3. On one side. Do not print on both sides of the paper. It may be ecologically good practice to print on both sides, but in this case the editor does not care (unless they say so in the guidelines. But I don’t have to keep telling you that, do I?)
  4. White paper. Not cream. Not ivory. Not a rainbow-pack with different colors for each chapter. Regular weight printer paper will do just fine.
  5. One-inch margins. Again, don’t be tempted to use smaller margins to save paper, or bigger margins to make your story look longer.

All right, those are the basics. Now what about those other details?

  1. First page. Top left corner, type your name, address, email and phone. You may wish to include an approximate word count. This can go on the right, opposite the last line of your contact information. Space down to about the middle of the page. Type the title of your story, centered. Under that, centered, type your name or byline.
  2. Indentation. Indent the first line of each paragraph either 3 or 5 spaces, or set a tab or automatic indentation to one of those settings.
  3. White space. Do not include white space (an extra blank line) between paragraphs. The indentation does the job of setting your paragraphs apart.
  4. Scene breaks. You may use white space to denote a scene change, but it’s a better idea to also use a centered # or *** to make sure the break is clear. Sometimes if the break falls at the end/beginning of a page it can get lost.
  5. Justification. Left-justify your document, and leave the right edge ragged. Do not turn on full justification (having both edges of the paragraphs aligned with the margins).
  6. Headers and Footers. Turn on a proper header/footer in your word processor–don’t try to create the look of one simply by spacing or manipulating the text of the body, because it will invariably not display properly and you’ll end up with page numbers and header information interspersed in your text. Preferably in the header, right-aligned, insert this information: your last name/title of your story/page number. If your story title is long, use a reasonable abbreviation. In case your story somehow gets mixed in with one or more others on the editor’s desk, you want to make it easy to put the pieces back together.
  7. The End. It’s good practice to include some kind of indicator that your story is over, especially in case it falls at the end of a page and the editor could be left wondering if there’s a page missing. Center and type “The End” or “End”.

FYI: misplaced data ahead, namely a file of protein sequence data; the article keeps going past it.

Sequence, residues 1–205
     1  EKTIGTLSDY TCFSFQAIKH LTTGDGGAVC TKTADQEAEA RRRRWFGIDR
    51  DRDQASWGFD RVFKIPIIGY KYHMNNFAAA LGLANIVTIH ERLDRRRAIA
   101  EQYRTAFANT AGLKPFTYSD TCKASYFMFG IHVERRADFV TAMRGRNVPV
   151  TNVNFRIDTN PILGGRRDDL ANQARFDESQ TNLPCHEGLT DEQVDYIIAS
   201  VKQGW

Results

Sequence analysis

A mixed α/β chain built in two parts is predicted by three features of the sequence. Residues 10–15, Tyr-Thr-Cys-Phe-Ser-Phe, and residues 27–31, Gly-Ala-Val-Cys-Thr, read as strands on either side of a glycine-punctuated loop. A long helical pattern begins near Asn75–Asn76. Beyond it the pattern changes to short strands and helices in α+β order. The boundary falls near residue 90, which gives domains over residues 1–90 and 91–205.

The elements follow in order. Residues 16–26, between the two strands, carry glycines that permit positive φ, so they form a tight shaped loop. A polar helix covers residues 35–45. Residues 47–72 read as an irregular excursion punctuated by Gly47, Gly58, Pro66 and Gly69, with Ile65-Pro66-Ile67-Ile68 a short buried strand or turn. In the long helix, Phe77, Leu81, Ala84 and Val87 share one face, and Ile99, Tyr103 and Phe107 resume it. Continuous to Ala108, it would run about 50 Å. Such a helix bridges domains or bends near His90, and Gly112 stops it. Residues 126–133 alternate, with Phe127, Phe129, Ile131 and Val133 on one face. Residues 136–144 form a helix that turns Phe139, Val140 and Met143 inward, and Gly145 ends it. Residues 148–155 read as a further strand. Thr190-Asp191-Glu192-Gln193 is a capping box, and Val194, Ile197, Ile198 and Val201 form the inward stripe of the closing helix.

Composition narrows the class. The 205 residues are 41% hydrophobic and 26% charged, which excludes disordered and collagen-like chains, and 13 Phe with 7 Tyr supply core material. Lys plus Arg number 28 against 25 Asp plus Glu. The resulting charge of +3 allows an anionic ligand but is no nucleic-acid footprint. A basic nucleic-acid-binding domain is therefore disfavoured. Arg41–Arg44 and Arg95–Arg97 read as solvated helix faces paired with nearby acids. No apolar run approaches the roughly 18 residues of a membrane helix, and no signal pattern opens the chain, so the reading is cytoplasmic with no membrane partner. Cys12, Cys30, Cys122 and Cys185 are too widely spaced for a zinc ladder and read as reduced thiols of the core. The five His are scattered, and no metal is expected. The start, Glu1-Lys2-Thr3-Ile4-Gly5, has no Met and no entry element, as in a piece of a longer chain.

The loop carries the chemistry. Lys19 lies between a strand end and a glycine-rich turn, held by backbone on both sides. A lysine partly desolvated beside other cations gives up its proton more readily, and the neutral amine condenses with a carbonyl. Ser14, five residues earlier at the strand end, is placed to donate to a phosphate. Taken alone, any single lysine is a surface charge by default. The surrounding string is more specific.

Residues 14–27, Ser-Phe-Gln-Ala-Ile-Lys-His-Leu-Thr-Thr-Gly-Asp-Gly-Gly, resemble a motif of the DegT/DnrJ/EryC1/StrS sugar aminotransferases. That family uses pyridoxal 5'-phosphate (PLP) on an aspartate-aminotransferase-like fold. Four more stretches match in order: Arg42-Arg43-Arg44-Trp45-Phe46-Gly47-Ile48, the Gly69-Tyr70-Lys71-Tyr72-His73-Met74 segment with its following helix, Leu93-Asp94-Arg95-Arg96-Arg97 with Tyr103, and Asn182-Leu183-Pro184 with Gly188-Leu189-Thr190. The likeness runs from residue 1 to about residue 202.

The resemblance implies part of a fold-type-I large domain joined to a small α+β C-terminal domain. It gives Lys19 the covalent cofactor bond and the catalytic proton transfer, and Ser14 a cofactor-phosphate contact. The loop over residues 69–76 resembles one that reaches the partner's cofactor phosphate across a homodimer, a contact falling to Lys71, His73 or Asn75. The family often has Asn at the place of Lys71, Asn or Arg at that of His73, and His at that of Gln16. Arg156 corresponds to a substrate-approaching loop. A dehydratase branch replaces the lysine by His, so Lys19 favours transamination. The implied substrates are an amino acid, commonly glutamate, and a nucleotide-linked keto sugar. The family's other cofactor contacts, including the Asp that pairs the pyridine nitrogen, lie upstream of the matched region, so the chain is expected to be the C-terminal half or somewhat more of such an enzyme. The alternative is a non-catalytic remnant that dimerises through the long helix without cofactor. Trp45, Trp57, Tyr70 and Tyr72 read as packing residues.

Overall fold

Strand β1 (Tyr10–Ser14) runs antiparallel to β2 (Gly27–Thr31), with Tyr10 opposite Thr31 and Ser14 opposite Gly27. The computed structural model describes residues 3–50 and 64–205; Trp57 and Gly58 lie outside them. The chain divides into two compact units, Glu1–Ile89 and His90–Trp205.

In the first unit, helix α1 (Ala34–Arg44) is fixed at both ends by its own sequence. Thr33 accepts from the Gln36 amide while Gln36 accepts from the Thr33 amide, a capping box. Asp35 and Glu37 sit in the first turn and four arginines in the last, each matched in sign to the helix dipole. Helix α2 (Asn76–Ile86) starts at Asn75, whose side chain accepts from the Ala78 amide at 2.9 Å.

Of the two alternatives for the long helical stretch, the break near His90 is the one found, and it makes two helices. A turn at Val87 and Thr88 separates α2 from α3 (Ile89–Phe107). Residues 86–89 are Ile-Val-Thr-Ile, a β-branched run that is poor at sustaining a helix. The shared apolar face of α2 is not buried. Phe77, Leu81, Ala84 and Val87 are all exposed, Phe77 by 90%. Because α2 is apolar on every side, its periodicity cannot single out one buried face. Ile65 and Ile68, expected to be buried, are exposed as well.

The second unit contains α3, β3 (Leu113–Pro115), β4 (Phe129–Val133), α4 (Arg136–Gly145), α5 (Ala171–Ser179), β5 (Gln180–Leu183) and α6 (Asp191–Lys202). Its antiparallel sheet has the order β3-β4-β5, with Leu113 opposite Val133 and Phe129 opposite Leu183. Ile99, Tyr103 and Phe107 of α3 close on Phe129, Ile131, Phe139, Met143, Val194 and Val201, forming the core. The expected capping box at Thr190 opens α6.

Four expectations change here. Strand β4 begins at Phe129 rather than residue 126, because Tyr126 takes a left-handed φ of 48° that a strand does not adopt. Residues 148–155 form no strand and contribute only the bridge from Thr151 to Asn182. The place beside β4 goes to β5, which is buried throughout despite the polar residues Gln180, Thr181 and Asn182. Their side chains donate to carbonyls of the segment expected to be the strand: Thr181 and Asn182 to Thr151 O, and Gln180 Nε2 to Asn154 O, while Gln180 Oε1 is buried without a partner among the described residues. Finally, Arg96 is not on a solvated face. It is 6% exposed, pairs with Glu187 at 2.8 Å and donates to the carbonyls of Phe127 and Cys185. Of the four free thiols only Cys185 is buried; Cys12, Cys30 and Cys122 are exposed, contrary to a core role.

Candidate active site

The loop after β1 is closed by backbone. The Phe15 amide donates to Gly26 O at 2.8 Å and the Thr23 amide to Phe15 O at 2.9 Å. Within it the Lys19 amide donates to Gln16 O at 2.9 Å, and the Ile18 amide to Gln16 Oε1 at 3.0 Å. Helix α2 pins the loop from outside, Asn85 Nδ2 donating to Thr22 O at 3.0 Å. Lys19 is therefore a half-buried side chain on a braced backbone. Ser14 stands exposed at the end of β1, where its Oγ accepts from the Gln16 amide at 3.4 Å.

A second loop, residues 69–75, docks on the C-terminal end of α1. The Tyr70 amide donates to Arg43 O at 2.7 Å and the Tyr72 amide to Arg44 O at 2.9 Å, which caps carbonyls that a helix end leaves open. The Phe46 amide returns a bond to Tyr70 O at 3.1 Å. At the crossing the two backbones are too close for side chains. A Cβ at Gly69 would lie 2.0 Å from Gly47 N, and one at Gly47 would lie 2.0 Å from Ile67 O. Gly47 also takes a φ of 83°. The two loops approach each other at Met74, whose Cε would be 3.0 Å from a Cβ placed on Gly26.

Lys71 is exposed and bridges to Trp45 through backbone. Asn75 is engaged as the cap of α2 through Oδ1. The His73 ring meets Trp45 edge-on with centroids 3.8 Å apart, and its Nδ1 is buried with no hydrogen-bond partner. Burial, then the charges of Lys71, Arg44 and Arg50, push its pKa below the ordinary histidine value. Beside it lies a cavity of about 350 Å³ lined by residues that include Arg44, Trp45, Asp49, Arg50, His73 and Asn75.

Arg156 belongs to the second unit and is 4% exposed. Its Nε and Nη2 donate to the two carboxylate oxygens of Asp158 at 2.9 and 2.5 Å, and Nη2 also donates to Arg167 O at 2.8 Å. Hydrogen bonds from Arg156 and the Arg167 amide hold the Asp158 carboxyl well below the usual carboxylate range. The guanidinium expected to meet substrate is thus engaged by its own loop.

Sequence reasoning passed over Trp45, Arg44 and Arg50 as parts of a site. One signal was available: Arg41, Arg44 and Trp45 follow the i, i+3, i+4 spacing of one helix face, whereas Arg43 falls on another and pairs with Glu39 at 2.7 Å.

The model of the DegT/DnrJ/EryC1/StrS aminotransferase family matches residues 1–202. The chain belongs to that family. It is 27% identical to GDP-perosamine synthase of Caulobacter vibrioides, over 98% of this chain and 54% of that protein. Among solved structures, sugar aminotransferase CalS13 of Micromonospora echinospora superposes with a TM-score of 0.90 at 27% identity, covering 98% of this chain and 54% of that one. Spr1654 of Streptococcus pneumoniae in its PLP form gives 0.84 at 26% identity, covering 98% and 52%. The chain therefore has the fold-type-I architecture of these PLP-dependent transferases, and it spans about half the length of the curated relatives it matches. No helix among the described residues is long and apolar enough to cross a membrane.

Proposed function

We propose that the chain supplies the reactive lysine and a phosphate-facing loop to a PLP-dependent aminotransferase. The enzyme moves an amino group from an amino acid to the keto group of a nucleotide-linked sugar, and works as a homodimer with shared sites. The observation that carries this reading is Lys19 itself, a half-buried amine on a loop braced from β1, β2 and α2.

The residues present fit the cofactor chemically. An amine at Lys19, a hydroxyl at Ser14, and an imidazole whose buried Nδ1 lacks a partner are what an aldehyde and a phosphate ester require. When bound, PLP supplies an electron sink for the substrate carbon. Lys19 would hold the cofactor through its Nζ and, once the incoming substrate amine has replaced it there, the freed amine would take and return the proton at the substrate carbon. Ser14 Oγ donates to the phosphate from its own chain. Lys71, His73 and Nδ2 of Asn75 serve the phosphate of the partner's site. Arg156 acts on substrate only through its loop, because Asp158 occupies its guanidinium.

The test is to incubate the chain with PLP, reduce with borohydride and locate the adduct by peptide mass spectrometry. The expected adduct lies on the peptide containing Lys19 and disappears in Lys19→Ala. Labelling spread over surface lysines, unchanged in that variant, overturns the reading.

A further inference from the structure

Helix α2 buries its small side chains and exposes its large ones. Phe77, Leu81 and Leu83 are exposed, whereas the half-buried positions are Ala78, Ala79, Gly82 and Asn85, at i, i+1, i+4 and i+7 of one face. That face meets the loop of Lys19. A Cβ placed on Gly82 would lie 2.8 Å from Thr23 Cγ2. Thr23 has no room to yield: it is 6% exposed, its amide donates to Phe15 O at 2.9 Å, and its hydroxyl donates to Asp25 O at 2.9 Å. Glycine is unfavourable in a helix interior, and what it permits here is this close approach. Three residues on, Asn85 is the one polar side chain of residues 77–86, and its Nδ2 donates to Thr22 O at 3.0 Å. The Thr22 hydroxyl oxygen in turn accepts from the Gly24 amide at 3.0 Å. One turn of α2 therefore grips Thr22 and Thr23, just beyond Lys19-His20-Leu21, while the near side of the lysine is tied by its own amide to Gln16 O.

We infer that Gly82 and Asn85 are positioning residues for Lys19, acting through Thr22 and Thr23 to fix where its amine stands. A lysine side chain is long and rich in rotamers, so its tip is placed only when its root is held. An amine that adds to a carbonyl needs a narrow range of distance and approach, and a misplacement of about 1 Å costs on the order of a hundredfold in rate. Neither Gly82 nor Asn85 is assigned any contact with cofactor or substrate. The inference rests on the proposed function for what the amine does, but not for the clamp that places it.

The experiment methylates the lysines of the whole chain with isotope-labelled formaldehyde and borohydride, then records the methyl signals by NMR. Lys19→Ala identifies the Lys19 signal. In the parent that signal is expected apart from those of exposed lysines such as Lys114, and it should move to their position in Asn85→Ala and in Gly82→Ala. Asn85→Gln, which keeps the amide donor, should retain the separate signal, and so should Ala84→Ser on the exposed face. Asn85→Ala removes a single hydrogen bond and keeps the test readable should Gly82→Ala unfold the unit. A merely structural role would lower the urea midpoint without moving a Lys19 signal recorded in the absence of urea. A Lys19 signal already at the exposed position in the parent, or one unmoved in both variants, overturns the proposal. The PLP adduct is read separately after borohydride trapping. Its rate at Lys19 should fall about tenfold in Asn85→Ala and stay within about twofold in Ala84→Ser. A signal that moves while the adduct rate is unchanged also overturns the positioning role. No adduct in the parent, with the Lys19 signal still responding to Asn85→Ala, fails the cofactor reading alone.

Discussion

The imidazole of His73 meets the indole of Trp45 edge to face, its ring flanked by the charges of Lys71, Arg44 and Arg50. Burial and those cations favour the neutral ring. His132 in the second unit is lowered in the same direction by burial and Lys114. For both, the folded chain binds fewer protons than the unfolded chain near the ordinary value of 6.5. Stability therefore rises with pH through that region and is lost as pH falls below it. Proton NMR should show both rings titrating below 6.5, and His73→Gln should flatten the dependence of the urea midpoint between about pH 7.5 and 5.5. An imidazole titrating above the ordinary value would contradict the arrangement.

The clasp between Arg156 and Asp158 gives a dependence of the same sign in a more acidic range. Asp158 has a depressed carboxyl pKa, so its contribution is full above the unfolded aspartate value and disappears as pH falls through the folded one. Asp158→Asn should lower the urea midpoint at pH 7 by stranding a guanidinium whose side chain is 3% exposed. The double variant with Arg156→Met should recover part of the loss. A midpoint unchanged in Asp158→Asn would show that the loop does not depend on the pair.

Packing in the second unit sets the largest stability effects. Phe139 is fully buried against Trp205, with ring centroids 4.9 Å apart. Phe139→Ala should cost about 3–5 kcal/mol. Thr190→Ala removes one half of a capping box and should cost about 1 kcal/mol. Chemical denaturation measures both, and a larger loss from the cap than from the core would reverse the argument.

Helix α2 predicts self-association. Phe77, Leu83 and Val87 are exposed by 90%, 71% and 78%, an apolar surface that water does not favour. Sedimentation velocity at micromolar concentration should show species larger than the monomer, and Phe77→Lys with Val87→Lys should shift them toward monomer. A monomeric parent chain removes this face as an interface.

If you’re reading this and still wondering why all this is important, go back and re-read the first post in this series. Even if this is not the editor’s favorite layout, even if you somehow missed his or her special guideline desires, following this “standard” setup at least says that you are conducting yourself on a professional level.

If you still have questions about the layout portion of the program, if I’ve missed anything you’re wondering about, just ask in the comments. I’ll be sure to answer as best I can.

Next up: the cover letter. Whole books have been written about cover letters, but I’m going to cover the basics in one post. Hey, you have the rest of your writing career to work on the refinements.

Manuscript Impressions (Part 2)

Today we’re going to talk about setting your manuscript in the proper font.

Before I even go any further, I’m going to remind you about The Big Caveat from yesterday’s post. Always check the guidelines for the market you’re submitting to, and follow them to the letter. Market guidelines will always trump anything I tell you here or anyone else tells you elsewhere.

Always. Check. The. Guidelines. Are we clear?

Okay, I’m going to acknowledge up front that at least half of everyone I ask (at least those of the writerly persuasion) seems to hate Courier/Courier New. They say it’s ugly, old-fashioned, outdated, and should have gone away when typewriters did.

Well, there are still some typewriters around, and so is Courier. The reason is simple: it’s an easily-readable font. Editors faced with the task of reading piles of slush every day like easily-readable fonts. (No, Courier is not the only readable font, before anyone starts sending me indignant messages about how wonderful their favorite font is. And there are editors as well who don’t like Courier, and prefer–and ask for–something like Times New Roman, for instance. But think about it–why are some fonts preferred, in general, above all others? Because above all else, they’re easy to read.)

The most easily-readable, preferred fonts for print, the ones that turn up most often in guidelines, are Courier/New and Times New Roman. This is an interesting dichotomy, since Courier is a monospaced font (each letter takes up the same space as every other letter) and Times New Roman is a proportional font (letter widths are variable) which makes them very different in appearance. It’s likely that these preferences are due at least in part to familiarity–both of these fonts have been around a long time and in widespread use. If guidelines do not state a preference, use one of these two fonts, and the safest bet in most cases is Courier.